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When you run `git checkout <something>`
or `git switch <something>` and only have one
remote, it may implicitly fall back on checking out and
tracking e.g. `origin/<something>`. This stops working as soon
as you have more than one remote with a `<something>`
reference. This setting allows for setting the name of a
preferred remote that should always win when it comes to
disambiguation. The typical use-case is to set this to
Currently this is used by linkgit:git-switch[1] and
linkgit:git-checkout[1] when `git checkout <something>`
or `git switch <something>`
will checkout the `<something>` branch on another remote,
and by linkgit:git-worktree[1] when `git worktree add` refers to a
remote branch. This setting might be used for other checkout-like
commands or functionality in the future.
Provides the default value for the `--guess` or `--no-guess`
option in `git checkout` and `git switch`. See
linkgit:git-switch[1] and linkgit:git-checkout[1].
The number of parallel workers to use when updating the working tree.
The default is one, i.e. sequential execution. If set to a value less
than one, Git will use as many workers as the number of logical cores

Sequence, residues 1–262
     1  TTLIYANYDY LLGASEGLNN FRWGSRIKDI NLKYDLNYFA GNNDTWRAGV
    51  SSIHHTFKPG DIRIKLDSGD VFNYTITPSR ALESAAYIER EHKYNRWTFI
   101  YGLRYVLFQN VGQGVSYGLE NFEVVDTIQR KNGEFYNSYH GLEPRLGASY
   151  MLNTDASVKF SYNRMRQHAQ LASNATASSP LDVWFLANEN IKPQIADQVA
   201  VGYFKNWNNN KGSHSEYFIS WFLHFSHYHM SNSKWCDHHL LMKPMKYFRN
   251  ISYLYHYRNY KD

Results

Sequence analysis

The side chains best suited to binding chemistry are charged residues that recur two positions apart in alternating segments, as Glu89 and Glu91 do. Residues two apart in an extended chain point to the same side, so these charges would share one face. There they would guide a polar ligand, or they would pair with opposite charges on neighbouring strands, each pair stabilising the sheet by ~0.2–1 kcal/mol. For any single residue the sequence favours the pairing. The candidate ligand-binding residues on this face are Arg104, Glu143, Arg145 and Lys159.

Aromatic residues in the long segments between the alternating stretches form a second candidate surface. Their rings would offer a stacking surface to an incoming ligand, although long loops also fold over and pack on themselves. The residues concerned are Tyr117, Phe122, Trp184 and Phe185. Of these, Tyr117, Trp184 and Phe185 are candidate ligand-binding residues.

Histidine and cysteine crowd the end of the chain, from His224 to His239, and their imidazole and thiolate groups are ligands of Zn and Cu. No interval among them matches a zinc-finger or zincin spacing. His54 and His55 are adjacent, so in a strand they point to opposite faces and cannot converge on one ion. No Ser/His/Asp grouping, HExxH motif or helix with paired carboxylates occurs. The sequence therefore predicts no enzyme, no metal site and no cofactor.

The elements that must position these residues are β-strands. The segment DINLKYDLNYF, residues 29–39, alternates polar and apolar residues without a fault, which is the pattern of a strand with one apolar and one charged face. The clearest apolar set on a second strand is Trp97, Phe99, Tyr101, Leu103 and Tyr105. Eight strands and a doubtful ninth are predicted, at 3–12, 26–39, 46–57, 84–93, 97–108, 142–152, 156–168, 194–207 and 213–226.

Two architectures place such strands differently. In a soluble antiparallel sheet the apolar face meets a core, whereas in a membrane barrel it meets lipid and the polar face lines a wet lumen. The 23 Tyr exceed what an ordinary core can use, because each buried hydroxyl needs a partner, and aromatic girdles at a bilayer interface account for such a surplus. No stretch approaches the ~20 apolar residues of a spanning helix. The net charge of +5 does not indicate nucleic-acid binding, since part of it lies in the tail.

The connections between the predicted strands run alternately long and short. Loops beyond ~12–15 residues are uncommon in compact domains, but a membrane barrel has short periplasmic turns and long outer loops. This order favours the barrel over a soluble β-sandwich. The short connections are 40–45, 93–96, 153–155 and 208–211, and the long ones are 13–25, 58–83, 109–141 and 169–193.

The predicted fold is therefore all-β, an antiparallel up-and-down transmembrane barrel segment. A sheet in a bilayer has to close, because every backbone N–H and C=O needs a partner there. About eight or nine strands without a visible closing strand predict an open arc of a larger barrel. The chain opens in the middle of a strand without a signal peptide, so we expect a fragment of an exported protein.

available. This setting and `checkout.thresholdForParallelism` affect
all commands that perform checkout. E.g. checkout, clone, reset,
sparse-checkout, etc.
Note: parallel checkout usually delivers better performance for repositories
located on SSDs or over NFS. For repositories on spinning disks and/or machines
with a small number of cores, the default sequential checkout often performs
better. The size and compression level of a repository might also influence how
well the parallel version performs.
When running parallel checkout with a small number of files, the cost
of subprocess spawning and inter-process communication might outweigh
the parallelization gains. This setting allows to define the minimum
number of files for which parallel checkout should be attempted. The
default is 100.